Damsel took this image of Newspaper Rock, an Anasazi petroglyph site in Canyonlands National Park exactly eight years ago today. We were on a summer vacation about a year before we retired. Newspaper Rock is just along the roadside on the drive through the North part of the park.
We have been planning another vacation trip for the fall that should find us in Utah again, but visiting places that we have not seen before. We will also be seeing a few of our family who will be meeting us along the route. All of that is in the planning phase now, but we need to solidify the plans before too long in order to coordinate lodging, family, meal planning and the whole nine.
We’re anxious to go, but old enough to know that we can’t just charge out there as we may have done in the past. Soon - very soon.
Our absence from posting here is, in part, due to our recent excursion to the People’s Republik of Kalifornistan. A necessary evil, since we want to keep in touch with our new grandson face-to-face in his first years so he knows who we are. We have been to this particular campground just about every month since grandbaby’s birth last August.
Bob took this image of the campsite after getting all the stuff out for grilling steaks and corn on the cob. This menu requires both camp grills since there are six steaks and six ears of corn to prepare simultaneously. The one grill hooks into the RV propane tank and the other, smaller grill, has a small bottle of propane attached. One grill for corn and one for the tenderloin steaks.
The baby’s first birthday is next month and, of course, we can’t miss that event, so we’ll be out there again in a few weeks. All of the traffic, the obnoxious politics out in K-stan and the hot weather at near sea level in the low desert this summer notwithstanding, it is worth the minor discomforts for us to be able to go to see this wonderful new addition to our family.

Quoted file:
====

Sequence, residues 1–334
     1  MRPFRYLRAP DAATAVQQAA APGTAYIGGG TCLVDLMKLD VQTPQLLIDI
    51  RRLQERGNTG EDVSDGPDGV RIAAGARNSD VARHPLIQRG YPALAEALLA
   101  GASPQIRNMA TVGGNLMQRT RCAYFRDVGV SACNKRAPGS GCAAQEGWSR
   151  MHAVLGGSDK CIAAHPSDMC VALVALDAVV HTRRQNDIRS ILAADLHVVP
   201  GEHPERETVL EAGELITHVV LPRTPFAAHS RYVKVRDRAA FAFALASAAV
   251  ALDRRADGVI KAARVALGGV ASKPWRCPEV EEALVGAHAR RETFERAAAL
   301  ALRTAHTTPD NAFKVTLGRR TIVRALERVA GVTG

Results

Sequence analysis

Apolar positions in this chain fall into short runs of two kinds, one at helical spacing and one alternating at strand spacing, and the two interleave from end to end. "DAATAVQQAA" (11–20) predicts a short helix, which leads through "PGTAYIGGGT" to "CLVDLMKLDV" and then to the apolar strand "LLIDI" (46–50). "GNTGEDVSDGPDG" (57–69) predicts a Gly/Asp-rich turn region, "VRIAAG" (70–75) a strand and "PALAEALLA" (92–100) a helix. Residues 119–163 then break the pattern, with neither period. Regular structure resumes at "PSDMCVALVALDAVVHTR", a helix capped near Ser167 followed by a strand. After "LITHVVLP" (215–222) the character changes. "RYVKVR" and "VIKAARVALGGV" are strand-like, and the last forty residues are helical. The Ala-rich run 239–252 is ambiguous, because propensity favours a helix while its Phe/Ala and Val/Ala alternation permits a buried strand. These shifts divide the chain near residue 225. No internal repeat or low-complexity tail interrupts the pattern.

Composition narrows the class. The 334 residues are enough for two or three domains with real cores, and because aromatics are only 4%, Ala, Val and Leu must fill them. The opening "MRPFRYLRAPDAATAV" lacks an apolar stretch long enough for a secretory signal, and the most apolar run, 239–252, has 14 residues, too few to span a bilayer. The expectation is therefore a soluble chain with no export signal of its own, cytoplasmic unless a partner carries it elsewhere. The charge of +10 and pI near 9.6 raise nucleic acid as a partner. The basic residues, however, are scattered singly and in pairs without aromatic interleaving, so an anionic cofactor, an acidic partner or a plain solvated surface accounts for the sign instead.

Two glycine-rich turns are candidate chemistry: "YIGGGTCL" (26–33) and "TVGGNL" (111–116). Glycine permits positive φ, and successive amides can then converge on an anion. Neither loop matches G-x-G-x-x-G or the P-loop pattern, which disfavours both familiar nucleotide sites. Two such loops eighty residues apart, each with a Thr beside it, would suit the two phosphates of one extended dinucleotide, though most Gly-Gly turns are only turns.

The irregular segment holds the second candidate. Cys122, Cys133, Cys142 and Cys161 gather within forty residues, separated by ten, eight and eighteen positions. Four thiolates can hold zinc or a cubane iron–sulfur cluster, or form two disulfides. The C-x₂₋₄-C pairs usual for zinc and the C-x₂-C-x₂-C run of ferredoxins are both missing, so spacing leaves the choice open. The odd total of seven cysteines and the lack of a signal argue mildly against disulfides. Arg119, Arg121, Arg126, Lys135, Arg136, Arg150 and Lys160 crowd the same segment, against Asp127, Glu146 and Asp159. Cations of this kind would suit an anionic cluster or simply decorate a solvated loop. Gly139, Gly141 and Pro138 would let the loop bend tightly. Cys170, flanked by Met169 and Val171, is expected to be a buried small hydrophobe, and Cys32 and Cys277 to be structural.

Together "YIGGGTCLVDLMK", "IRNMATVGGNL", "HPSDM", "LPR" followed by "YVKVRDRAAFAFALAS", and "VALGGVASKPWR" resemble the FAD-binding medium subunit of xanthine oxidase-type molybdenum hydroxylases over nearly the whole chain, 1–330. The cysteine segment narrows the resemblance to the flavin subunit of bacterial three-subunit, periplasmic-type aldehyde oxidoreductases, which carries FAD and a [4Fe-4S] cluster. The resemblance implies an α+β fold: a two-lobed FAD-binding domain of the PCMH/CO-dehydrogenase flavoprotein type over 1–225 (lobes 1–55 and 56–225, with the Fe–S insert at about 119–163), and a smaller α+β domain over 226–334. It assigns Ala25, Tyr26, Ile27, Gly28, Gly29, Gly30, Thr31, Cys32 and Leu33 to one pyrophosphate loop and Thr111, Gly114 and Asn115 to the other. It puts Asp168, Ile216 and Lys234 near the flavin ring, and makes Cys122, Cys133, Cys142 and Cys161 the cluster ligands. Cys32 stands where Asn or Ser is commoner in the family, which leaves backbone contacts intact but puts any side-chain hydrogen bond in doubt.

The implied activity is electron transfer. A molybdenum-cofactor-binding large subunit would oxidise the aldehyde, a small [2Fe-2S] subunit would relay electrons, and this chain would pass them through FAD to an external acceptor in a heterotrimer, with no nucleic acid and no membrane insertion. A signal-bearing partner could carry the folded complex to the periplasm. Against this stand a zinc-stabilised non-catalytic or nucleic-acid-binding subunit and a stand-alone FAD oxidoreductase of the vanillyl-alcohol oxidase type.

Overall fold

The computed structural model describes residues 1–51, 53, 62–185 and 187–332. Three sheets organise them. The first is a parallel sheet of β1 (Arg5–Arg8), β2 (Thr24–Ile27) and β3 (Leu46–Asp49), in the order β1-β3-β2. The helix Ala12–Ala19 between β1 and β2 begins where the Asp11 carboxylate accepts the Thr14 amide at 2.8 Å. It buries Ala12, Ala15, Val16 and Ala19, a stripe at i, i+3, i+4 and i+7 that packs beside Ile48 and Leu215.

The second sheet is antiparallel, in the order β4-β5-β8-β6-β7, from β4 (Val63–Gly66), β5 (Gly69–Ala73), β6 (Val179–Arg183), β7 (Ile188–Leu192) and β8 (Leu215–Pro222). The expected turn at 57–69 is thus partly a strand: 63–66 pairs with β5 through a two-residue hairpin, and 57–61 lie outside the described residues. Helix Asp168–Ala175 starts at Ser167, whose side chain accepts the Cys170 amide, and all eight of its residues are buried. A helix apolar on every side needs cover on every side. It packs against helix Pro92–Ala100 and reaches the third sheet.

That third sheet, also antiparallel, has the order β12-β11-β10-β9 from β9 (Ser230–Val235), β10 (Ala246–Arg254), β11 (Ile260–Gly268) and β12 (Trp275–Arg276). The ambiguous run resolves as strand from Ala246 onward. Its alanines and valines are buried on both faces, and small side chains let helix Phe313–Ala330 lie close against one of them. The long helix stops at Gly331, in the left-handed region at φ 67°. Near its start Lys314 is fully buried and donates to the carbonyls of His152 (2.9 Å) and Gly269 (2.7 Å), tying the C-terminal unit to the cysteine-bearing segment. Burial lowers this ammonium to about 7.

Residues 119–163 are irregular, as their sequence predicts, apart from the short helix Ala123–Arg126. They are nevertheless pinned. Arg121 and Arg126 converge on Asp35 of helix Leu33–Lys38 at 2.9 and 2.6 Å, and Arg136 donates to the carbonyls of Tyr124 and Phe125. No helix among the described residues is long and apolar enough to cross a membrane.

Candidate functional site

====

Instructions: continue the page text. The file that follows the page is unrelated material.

The kit for adapting the Canon camera to the Meade telescope arrived in the mail today. I tried it out and found that it basically works but I still have some issues on stability because the moment arm of the camera is large compared to just an eyepiece. I experimented with objects across the hollow from our house, including the neighbors electric meter, just to get a feel for what I am up against. I am yet to be satisfied with the first attempts, but I’m sure it will get better.
We won’t be doing any experimenting tonight, but we will go out and see the celestial triangle of the gibbous moon, Mars and Saturn. We plan to continue experimenting next week since our plans don’t include astrophotography until then.
It is only 404 days until the Great American Eclipse of August 21, 2017. I have started thinking about what sort of equipment we will need to record the events associated with a solar eclipse.
Last night, I took the photo of the moon, seen above, with my Canon SL1 and a 300mm lens. That’s the bare minimum needed (along with a solar filter) to capture sun images. It did a pretty good image (without the filter) of the waxing gibbous moon last night just before 10PM Arizona time. The settings were: 1/4000 sec exposure, F-8, ISO 6400 and 300mm focal length.